“Our biggest regrets are not our actions, but our inactions. The chances not taken.”
Where do good ideas come from?
Like so much in filmmaking, the answer is: it depends. Filmmaker Andrew Norton shows the variety in his short film about the mysteries of inspiration:
Although there are dramatically different opinions represented in Norton’s short film, there are also some similarities that got us thinking: is it possible to identify a pattern that characterizes the development of quality, original ideas? If so, then can we implement that pattern into our own lives, theoretically boosting our creativity?
“I get ideas in fragments,” shares legendary filmmaker and Twin Peaks creator David Lynch. “It’s as if in the other room, there’s a puzzle. All the pieces are together, but in my room, they just flip one piece at a time into me.” For Radiolab co-host Robert Krulwich, inspiration is a myth. “The thing that gets you going feels like an itch, to me. It’s an itch, [then] wonder, wonder, wonder, wonder, wonder, wonder… Got it!”
“Inspiration is for amateurs,” Artist Chuck Close agrees. “The rest of us just show up and get to work. Every great idea came out of work… If you sit around and wait for a bolt of lightening to hit you in the skull, you may never get a good idea.” Writer Steven Pressfield lends credence to Close’s perspective. “This is the other secret that real artists know and wannabe [artists] don’t,” he shares in The War of Art. “When we sit down each day and do our work, power concentrates around us… Ideas come.”
Essentially, what we’ve noticed is a recurring emphasis on the conception of ideation as a process. In a TED talk, Steven Johnson argues that good ideas are not something that happens in a wonderful, illuminating moment – “a flash, stroke, epiphany, eureka, lightbulb” – instead, they are more of “a slow hunch”, fading into view over long periods of time. “A lot of important ideas have very long incubation periods,” Johnson concludes.
As we dug deeper into Johnson’s theory, we discovered a complementary perspective from Adam Grant, author of Originals: How Non-Conformists Move the World. Many people who develop good ideas live in a sweet spot between preparation and procrastination. “Procrastination gives you time to consider divergent ideas, to think in nonlinear ways, to make unexpected leaps,” Grant explains – or as screenwriter Aaron Sorkin puts it, “You call it procrastination, I call it thinking.”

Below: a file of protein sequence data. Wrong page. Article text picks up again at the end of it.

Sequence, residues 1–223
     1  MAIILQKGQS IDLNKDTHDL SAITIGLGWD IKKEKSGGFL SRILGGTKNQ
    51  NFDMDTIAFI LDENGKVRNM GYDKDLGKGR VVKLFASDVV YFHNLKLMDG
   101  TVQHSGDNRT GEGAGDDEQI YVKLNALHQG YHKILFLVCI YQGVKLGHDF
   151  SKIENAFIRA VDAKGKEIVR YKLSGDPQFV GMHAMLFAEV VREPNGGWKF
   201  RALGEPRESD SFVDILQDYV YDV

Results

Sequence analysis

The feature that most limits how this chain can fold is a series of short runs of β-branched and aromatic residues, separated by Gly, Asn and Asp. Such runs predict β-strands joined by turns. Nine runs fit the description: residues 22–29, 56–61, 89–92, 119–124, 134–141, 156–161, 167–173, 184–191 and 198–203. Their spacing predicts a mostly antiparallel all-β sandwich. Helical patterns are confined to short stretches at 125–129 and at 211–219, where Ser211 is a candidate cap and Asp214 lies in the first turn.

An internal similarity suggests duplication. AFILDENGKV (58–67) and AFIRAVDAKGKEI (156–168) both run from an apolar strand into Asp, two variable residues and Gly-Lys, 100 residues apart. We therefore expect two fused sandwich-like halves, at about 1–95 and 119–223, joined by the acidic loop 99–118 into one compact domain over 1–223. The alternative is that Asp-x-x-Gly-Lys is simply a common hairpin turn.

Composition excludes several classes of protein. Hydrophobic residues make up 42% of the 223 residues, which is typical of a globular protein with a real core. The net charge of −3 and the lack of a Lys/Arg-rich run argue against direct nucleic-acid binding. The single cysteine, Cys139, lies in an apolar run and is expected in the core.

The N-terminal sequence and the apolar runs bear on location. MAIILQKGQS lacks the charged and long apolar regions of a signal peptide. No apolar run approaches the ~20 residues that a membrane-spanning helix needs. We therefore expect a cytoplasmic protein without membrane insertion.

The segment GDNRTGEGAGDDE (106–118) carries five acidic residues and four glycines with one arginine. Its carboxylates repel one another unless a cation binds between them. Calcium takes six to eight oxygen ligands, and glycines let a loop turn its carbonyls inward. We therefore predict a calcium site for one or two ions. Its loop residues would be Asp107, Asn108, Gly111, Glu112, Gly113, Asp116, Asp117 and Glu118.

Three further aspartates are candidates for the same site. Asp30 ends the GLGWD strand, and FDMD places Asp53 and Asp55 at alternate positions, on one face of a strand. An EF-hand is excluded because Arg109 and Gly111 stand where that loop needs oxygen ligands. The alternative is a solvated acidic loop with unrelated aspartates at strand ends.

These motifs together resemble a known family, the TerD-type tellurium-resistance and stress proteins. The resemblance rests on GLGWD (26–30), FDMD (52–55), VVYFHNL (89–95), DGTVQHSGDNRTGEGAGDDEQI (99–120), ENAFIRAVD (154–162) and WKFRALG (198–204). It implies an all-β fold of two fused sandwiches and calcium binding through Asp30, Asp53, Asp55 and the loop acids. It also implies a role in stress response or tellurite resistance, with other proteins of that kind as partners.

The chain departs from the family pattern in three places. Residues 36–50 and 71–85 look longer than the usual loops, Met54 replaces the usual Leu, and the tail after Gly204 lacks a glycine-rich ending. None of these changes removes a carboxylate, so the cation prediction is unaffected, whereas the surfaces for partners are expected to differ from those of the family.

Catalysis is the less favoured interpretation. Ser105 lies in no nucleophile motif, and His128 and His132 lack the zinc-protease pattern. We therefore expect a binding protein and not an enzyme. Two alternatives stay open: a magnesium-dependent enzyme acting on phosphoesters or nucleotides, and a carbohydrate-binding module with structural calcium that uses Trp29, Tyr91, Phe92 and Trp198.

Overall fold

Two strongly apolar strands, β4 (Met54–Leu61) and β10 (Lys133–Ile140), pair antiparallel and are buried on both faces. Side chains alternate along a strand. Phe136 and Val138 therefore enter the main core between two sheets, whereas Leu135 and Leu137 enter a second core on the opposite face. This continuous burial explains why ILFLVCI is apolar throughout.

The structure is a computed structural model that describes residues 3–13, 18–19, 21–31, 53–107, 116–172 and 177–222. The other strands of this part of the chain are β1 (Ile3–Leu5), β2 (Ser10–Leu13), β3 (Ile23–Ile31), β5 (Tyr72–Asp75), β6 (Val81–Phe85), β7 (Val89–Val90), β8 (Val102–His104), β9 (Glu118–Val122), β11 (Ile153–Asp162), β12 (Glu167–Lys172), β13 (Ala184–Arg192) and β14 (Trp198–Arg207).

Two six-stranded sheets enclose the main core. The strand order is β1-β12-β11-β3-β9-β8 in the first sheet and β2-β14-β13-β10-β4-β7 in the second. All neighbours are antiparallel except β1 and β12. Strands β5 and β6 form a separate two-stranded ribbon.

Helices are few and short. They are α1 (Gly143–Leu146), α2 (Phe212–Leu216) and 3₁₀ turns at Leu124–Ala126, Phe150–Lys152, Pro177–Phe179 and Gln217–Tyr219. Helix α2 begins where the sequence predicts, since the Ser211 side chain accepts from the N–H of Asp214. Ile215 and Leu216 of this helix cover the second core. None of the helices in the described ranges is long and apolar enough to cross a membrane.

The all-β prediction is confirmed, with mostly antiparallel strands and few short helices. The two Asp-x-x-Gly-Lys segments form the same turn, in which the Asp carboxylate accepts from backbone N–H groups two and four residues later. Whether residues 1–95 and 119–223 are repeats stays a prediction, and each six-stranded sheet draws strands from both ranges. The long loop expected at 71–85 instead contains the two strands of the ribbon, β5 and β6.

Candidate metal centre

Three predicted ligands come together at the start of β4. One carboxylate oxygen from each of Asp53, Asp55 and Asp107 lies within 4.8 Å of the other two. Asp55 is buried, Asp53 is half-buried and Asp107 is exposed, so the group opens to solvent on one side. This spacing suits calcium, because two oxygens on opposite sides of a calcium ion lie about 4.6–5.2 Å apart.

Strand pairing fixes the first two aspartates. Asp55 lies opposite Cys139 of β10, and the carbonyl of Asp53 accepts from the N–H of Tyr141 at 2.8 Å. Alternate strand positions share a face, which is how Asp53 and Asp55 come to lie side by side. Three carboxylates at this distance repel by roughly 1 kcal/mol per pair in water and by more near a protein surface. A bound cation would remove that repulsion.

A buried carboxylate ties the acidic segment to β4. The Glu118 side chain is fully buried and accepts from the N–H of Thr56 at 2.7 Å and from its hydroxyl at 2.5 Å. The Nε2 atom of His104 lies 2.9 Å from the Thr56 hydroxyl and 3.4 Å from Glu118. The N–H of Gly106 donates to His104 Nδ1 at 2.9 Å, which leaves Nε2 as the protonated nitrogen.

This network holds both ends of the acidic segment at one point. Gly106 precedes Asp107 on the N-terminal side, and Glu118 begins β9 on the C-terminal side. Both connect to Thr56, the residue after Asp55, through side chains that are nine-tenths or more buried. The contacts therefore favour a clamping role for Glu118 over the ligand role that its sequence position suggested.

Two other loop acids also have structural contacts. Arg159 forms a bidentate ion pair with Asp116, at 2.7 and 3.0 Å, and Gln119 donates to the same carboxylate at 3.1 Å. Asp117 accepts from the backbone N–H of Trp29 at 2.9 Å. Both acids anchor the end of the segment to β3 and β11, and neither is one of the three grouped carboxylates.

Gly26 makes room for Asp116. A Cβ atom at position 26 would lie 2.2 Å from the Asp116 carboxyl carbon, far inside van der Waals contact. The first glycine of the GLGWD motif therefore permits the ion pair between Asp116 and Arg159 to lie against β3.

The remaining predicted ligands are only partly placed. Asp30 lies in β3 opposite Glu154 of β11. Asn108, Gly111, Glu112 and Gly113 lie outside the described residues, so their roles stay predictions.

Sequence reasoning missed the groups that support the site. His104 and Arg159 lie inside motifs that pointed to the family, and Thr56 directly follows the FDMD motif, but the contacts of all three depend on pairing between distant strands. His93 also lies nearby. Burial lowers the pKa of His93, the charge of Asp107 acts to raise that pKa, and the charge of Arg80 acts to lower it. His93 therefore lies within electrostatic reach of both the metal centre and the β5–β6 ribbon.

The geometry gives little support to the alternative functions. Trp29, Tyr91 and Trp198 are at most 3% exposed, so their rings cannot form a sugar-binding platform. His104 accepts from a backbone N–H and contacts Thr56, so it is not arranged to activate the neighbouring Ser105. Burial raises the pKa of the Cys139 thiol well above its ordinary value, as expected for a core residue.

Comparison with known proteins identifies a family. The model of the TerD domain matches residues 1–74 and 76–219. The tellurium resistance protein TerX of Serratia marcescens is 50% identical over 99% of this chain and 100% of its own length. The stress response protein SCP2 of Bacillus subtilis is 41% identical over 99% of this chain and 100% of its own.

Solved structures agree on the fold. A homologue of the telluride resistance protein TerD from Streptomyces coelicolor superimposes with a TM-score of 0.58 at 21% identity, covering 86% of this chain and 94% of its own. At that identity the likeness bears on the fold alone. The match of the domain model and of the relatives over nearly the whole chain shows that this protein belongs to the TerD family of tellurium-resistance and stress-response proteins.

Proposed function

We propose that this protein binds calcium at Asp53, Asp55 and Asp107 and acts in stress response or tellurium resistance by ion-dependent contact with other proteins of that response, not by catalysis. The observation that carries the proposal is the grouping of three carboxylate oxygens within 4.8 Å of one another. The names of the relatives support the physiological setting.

Moreover, like everyone else, original thinkers wrestle with doubt and fear. However, they don’t doubt themselves so much as their ideas, which spurs persistence and innovation, and they don’t fear failure so much as the failure to try – “Our biggest regrets are not our actions, but our inactions. The chances not taken.”
So act. Take those chances.
Output, Output, Output
Grant observes that “The more output you churn out, the more variety you get, and the better your chances at stumbling upon something truly original.” In other words, you can expect to come up with a lot of bad ideas before you find a few good ones!
“All of us who do creative work, we get into it because we have good taste. But there is this gap,” summarizes Ira Glass, producer of This American Life. “For the first couple years you make stuff, it’s just not that good. It’s trying to be good, it has potential, but it’s not. But your taste, the thing that got you into the game, is still killer. And your taste is why your work disappoints you. A lot of people never get past this phase. They quit. Most people I know who do interesting, creative work went through years of this. We know our work doesn’t have this special thing that we want it to have. We all go through this. And if you are just starting out or you are still in this phase, you gotta know it’s normal and the most important thing you can do is do a lot of work. Put yourself on a deadline so that every week you will finish one story. It is only by going through a volume of work that you will close that gap, and your work will be as good as your ambitions.”
So where does a good movie idea come from? What is the pattern that characterizes the development of quality, original concepts? While there’s not necessarily a one-size-fits-all answer, we did discover that good ideas tend to take time. For most of us, they are the result of committed and consistent work.
If you want to dream up the next smash hit, then do it!
Dare to dream. Dare to take the time you need to carve out the concept – and keep carving.
Michael Koehler, with
If you want guidance, community, and resources along the way, then check out our in-depth online filmmaking course here at Lights Film School, designed to keep with your vision and schedule from concept through final cut – more guided than a blog, more interactive than a textbook, more flexible than traditional film school.
MORE FROM US: